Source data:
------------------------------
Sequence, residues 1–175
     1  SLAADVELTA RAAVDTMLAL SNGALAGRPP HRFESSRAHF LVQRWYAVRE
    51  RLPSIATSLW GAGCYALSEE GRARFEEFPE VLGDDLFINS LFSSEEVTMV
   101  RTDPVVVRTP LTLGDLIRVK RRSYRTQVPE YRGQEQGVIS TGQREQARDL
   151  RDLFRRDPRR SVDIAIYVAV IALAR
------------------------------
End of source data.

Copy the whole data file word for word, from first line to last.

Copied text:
Sequence, residues 1–175
     1  SLAADVELTA RAAVDTMLAL SNGALAGRPP HRFESSRAHF LVQRWYAVRE
    51  RLPSIATSLW GAGCYALSEE GRARFEEFPE VLGDDLFINS LFSSEEVTMV
   101  RTDPVVVRTP LTLGDLIRVK RRSYRTQVPE YRGQEQGVIS TGQREQARDL
   151  RDLFRRDPRR SVDIAIYVAV IALAR